- Multiline Icon Labels in GNOME Shell Grid
- App Grid Scrolls Horizontally
- Search Feature in Native Extensions App
- Workspace Navigation is now horizontal and more productive
- Sorting of Wifi Connections
- GNOME Calendar – reminder time changes
It is worth mentioning that, Fedora 34 is the first official mainstream Linux distribution to offer GNOME 40 out-of-the-box. Because Ubuntu 21.04 Hirsute Hippo did not feature GNOME 40. Unless you install GNOME 40 from scratch in Arch Linux, or, use rolling distributions, probably Fedora 34 is the only option to experience GNOME 40 until the end of 2021.
KDE Plasma 5.21
The KDE Plasma flavor of Fedora 34 features the latest KDE Plasma 5.21. KDE Plasma 5.21 is now BETA stage and will be released before Fedora 34 is ready. KDE Plasma 5.21 brings a huge list of changes.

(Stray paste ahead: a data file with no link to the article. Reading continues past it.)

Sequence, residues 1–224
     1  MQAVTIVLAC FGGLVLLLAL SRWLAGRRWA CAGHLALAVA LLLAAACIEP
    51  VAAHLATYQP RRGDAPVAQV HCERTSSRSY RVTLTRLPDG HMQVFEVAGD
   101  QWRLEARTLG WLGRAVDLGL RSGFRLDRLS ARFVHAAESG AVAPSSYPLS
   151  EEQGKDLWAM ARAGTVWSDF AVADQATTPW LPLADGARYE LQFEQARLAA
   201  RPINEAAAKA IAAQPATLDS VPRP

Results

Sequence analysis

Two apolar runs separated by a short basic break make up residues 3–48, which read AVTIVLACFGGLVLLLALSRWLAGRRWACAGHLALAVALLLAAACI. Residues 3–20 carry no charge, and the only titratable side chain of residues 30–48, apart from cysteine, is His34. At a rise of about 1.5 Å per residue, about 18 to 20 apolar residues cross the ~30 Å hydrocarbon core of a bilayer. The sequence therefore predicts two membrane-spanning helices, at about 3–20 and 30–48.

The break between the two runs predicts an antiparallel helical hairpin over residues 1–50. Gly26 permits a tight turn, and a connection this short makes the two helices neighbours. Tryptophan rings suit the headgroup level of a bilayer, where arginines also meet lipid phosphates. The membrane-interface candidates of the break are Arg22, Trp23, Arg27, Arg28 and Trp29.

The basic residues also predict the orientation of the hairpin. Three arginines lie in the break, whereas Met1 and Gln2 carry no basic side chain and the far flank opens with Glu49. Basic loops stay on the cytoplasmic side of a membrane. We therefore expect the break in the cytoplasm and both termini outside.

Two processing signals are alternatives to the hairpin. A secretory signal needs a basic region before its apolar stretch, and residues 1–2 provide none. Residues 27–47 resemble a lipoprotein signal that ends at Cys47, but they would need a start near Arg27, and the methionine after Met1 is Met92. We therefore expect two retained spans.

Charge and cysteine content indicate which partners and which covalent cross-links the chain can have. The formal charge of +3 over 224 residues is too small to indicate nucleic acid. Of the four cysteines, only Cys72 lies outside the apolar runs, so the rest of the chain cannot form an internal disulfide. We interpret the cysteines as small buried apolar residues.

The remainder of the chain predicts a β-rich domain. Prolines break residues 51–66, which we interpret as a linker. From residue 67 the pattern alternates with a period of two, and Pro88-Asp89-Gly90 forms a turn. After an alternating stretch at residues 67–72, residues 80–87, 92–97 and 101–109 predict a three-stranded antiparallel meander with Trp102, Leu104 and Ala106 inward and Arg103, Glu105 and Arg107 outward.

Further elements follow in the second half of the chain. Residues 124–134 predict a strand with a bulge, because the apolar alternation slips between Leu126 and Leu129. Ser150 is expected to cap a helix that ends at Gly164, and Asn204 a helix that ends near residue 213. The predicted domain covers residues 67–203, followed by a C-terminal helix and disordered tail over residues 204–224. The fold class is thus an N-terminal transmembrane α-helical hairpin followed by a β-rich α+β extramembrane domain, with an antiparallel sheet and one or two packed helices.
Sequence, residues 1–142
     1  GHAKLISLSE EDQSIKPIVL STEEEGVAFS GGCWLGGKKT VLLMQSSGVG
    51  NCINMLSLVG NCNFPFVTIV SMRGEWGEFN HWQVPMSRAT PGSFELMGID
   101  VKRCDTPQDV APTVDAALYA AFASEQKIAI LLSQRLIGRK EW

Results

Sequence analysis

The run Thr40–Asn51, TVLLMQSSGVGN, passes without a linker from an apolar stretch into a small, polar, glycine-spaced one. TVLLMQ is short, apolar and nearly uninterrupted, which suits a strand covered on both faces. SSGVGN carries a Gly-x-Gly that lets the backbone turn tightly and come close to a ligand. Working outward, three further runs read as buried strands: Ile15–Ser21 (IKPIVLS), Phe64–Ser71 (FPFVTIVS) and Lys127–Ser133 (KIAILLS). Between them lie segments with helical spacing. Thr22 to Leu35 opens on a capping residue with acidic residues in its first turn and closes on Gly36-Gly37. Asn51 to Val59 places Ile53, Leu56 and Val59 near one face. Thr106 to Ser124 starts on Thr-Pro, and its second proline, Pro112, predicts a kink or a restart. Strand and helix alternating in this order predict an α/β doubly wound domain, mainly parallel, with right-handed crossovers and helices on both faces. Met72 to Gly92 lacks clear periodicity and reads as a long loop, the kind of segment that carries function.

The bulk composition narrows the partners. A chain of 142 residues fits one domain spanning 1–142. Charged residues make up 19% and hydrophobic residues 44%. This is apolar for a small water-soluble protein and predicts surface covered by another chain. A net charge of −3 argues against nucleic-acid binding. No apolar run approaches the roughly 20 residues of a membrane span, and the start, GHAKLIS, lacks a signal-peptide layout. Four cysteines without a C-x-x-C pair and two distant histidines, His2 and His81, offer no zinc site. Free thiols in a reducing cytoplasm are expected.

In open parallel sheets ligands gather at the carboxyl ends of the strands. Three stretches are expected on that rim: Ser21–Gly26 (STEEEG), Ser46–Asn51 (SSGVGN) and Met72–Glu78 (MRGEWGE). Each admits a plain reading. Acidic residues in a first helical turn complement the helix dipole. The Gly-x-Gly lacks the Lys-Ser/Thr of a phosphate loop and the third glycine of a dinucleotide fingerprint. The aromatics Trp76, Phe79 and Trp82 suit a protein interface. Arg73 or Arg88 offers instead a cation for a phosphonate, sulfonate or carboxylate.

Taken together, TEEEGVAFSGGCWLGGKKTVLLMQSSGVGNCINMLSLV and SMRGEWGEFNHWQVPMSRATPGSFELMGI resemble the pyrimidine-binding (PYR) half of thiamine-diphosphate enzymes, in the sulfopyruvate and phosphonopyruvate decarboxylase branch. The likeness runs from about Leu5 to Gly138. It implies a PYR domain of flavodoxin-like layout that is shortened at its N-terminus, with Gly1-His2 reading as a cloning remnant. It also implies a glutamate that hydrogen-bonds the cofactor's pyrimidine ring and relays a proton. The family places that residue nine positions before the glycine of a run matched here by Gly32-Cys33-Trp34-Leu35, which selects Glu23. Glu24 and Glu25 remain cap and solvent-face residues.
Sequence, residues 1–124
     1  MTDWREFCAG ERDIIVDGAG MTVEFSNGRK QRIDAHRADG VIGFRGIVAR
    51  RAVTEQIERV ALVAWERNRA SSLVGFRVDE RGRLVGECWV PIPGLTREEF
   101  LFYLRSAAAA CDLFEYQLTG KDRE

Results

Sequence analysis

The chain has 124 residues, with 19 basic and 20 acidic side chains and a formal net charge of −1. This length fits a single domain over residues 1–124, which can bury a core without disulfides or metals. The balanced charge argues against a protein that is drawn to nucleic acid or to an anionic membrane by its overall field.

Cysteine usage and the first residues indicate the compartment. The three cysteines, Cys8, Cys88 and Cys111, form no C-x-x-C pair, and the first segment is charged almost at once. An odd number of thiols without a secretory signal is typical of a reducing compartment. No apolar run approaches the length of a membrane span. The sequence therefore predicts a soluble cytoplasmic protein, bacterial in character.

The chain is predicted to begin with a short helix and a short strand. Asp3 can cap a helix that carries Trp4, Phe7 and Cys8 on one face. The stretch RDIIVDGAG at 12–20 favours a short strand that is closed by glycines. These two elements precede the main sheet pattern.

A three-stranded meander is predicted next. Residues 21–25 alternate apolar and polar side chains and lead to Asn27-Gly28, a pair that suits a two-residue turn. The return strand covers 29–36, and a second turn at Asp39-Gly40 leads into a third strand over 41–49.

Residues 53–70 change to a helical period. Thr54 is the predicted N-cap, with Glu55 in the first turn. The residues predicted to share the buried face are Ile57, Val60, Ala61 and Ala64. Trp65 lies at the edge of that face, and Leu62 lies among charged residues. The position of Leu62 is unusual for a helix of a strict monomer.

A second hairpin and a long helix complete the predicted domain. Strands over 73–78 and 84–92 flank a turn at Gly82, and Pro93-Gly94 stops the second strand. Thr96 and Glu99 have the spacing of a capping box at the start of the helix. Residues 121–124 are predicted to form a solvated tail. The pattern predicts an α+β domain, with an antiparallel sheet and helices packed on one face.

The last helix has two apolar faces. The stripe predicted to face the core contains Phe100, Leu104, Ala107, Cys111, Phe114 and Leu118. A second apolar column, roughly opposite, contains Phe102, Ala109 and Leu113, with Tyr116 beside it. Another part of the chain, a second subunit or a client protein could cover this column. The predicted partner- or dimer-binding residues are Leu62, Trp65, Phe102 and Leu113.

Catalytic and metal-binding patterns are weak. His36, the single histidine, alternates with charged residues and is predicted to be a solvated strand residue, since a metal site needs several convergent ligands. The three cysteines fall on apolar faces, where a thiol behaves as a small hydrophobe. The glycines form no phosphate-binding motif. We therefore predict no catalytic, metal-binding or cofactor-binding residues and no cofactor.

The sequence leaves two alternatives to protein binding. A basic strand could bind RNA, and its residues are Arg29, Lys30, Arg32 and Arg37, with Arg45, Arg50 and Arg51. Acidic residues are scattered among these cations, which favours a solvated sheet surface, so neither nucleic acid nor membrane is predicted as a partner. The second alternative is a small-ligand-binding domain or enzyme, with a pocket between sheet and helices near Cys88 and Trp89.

ARM installer image for KDE Plasma
Not only the KDE Plasma 5.21 is the only change. With this release, Fedora 34 also brings some of the interesting changes only for KDE Plasma. The KDE Plasma installer image is now available for AARCH64 ARM devices. This is already available from earlier for Xfce, and server images. Now with this, ARM enthusiastic now install Fedora KDE Plasma flavor with Fedora as well.
Wayland defaults to KDE Plasma
Fedora is defaulting the Wayland display server with KDE Plasma desktop in this release. Wayland display server is at a stable stage mostly and a lot of work is done over last year by the Plasma team on Wayland. This brings us to a point where we can see the default Wayland in Plasma. It is worth noting here that recently Ubuntu also decided to default Wayland in GNOME desktop with its Ubuntu 21.04 Hirsute Hippo release.
The latest Xfce 4.16 desktop is available with Fedora 34. Xfce 4.16 brings many new features such as GTK2 is completely dropped in favor of GTK3, Settings dialog uses CSD, new icon set, fractional scaling, etc after years of development. And you can take advantage of this lightweight Linux distribution with its features. Check out the Xfce 4.16 feature roundup here.
LXQt recently releases its latest version LXQt 0.16. And it is stable now. So, the Fedora team decided to upgrade the LXQt base to the latest LXQt 0.16. LXQt 0.16 brings new features which we covered here. Take a look.
New i3 tiling window manager spin